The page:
We store stuff in it. We throw strange items in it. And every once in a while, we park a car in it. Your garage was meant for more than this.
Q: Our garage is a mess. There’s stuff everywhere, no organization and it’s honestly kind of scary to walk through. What can we do?
A: Messy garages are our homes’ dirty little secrets. The rest of the house may look meticulous, but what lies behind that locked garage door is anything but. We store stuff in it. We throw strange items in there. And every once in a while, we park a car in there.
Garages were meant for more than this. It’s time you started treating yours with the respect and consideration it deserves. Here’s how to do just that in five simple steps.
Clear out the junk
Take a deep breath, and start throwing stuff out. Don’t be judicious. If you haven’t touched something in the past 12 months and don’t plan on using it in the next 12, it’s garbage — or a charitable donation, if you think it may be of use to someone.
Get help from family and friends, and don’t donate huge unopened boxes before first knowing what’s inside them. Store paint, propane tanks, paper and any food items (including pet food) elsewhere. Invest in a fire extinguisher.
Perform basic maintenance
Seal up any gaps to prevent moisture from sneaking in, and invest in a garage door lock to prevent unwanted visitors from doing the same. This includes the bottom of your garage door if there is any space between it and the ground when sitting closed. You’ll also want to look into an epoxy floor coating for easier cleanups related to oil and other spills.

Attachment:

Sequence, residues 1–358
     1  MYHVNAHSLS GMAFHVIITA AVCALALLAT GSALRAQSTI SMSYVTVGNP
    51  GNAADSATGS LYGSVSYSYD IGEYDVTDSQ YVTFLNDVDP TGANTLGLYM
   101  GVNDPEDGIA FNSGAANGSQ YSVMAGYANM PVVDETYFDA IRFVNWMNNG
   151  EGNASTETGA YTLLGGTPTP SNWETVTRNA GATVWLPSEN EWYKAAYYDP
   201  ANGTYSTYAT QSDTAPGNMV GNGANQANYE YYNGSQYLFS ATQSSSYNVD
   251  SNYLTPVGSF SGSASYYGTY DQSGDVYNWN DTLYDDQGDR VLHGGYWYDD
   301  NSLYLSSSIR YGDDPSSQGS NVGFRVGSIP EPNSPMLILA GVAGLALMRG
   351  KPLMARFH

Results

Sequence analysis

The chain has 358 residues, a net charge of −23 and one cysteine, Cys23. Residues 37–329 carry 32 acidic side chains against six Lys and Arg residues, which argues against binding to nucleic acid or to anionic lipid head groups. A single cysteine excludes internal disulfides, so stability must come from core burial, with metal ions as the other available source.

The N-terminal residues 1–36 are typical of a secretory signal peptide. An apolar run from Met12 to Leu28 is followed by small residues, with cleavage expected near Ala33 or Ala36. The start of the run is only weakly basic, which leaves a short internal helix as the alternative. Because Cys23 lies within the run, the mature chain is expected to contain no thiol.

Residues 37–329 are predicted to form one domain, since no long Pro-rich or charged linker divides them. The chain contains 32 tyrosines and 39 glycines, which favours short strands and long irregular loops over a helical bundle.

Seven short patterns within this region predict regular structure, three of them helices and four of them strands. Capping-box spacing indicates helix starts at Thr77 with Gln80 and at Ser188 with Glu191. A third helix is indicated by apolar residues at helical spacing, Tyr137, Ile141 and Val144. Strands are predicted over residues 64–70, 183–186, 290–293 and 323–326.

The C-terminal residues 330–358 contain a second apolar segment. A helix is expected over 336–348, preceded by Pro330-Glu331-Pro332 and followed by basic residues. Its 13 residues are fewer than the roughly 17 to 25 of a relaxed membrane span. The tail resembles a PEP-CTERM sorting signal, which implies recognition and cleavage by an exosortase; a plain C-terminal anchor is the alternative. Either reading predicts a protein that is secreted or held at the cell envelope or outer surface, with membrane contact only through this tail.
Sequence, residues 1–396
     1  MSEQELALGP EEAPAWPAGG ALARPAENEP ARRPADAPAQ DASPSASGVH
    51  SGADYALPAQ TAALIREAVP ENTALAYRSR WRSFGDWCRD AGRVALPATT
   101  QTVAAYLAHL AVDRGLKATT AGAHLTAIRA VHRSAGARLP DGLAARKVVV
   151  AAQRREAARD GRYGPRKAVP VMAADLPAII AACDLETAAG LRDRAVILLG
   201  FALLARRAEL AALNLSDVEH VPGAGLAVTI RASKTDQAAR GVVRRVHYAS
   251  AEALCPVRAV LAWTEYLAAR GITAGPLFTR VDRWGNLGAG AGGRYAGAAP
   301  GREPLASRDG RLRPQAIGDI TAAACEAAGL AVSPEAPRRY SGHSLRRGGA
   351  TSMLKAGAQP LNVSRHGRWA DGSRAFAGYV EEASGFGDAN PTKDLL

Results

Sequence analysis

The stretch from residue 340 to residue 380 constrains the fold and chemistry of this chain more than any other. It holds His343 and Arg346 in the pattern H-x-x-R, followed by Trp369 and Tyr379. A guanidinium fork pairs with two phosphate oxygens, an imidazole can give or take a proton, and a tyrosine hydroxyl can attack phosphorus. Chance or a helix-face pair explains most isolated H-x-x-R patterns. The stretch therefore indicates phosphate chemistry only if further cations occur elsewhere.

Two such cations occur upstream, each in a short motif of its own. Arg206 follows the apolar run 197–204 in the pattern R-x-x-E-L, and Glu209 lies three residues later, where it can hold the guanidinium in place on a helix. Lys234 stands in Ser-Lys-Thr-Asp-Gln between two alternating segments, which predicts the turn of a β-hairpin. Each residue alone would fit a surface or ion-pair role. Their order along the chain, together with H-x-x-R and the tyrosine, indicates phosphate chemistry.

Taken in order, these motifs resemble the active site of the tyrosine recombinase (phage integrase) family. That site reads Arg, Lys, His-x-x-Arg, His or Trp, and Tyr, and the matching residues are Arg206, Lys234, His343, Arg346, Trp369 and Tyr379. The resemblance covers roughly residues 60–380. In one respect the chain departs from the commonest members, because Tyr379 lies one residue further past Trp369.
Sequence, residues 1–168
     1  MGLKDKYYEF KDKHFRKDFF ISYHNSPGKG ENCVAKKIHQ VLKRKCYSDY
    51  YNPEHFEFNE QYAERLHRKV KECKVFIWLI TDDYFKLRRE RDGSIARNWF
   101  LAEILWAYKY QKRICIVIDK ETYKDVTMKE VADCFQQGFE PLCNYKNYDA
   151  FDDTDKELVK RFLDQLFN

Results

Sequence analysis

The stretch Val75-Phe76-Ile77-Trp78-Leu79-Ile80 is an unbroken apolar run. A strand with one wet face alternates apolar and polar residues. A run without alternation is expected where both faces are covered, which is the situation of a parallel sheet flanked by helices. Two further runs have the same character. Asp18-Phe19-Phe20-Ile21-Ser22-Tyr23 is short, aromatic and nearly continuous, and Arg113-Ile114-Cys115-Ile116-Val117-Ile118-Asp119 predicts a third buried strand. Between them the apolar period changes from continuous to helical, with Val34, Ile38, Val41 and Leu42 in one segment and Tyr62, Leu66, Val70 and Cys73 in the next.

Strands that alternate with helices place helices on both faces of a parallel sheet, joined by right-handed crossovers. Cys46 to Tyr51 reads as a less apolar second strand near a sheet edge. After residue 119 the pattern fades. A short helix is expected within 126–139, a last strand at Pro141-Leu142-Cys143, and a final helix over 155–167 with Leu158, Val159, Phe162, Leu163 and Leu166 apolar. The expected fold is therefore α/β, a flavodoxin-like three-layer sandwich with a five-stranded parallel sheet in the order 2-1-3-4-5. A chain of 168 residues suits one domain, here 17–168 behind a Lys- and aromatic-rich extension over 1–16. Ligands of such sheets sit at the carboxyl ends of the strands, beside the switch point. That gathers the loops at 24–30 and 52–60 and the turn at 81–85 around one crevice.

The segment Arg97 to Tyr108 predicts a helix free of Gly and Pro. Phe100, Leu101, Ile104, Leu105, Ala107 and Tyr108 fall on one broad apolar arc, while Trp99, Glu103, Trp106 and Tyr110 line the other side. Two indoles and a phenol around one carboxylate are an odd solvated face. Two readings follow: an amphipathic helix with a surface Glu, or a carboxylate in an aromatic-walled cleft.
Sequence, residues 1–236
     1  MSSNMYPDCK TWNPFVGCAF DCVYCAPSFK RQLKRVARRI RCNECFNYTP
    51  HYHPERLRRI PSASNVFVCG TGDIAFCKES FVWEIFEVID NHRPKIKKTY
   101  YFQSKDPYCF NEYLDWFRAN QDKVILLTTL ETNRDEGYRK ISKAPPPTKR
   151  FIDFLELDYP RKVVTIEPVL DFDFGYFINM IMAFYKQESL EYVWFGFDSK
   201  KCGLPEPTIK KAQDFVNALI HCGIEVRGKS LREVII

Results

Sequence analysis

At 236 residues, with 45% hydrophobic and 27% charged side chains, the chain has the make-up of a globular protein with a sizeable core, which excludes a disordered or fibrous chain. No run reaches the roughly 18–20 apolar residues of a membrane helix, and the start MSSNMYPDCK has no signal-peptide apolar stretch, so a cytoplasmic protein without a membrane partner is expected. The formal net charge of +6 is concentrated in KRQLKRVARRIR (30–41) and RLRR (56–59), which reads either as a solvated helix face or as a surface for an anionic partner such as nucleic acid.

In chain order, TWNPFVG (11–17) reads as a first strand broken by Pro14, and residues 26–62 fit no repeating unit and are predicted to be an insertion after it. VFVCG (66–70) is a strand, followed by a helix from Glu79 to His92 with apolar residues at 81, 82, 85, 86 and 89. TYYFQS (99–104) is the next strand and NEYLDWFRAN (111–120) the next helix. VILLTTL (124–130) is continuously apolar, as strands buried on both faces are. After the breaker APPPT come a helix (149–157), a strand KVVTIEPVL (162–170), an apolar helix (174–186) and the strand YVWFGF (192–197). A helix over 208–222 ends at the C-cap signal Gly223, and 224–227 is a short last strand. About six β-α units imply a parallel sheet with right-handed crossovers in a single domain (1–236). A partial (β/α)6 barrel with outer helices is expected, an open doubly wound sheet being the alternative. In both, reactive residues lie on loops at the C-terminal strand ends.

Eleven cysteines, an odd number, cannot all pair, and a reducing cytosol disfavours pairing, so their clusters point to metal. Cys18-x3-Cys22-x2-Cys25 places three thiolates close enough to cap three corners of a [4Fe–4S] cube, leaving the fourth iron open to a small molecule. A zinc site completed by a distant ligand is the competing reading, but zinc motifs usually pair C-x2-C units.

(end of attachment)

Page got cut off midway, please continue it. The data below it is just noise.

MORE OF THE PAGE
Get strategic with storage
Once upon a time, you had grand ideas about keeping a tidy, organized garage. Then life happened. Get back to your trim-and-tidy roots by re-racking the stuff you decide to keep in a sensible manner.
Create a blueprint and plan on storing like items together, such as tools. That not-so-used item? It can be placed behind the stuff you’re likely to use more often, like the lawnmower.
If you don’t already have them, get cabinets, wall hooks, pegboards and open shelving units so that you can hang and store as many items off the ground as possible.
And don’t forget about the ceiling; hang long, obtrusive things from above, making sure that you have enough clearance for the car roof, of course. Clear, lidded bins are also a good idea for smaller items.
Don’t forget the outside
A garage should not be an extension of your home, but rather a part of it. Think about upgrading that old, warped garage door for a custom design teeming with personalized character. If your budget doesn’t allow for this, a new paint scheme can do wonders to existing surfaces.
Make that new addition or paint job shine by adding coordinated, functional lighting that pairs well with the rest of your home’s exterior lighting fixtures. Suddenly, your garage is the envy of the block.
Stay the course
You’ve uncluttered your garage — now keep it that way. Don’t revert to old habits after a few weeks or months; use your newfound space smartly and efficiently, and never go back to the untidy mess you once were too afraid to get near. Hey, you may even have space to park a vehicle now.
HomeWork is written by Cameron Poague and contributing member professionals of the Master Builders Association (MBA) of King and Snohomish Counties. If you have a home improvement, remodeling or residential homebuilding question you’d like answered by one of the MBA’s more than 2,800 members, write to firstname.lastname@example.org.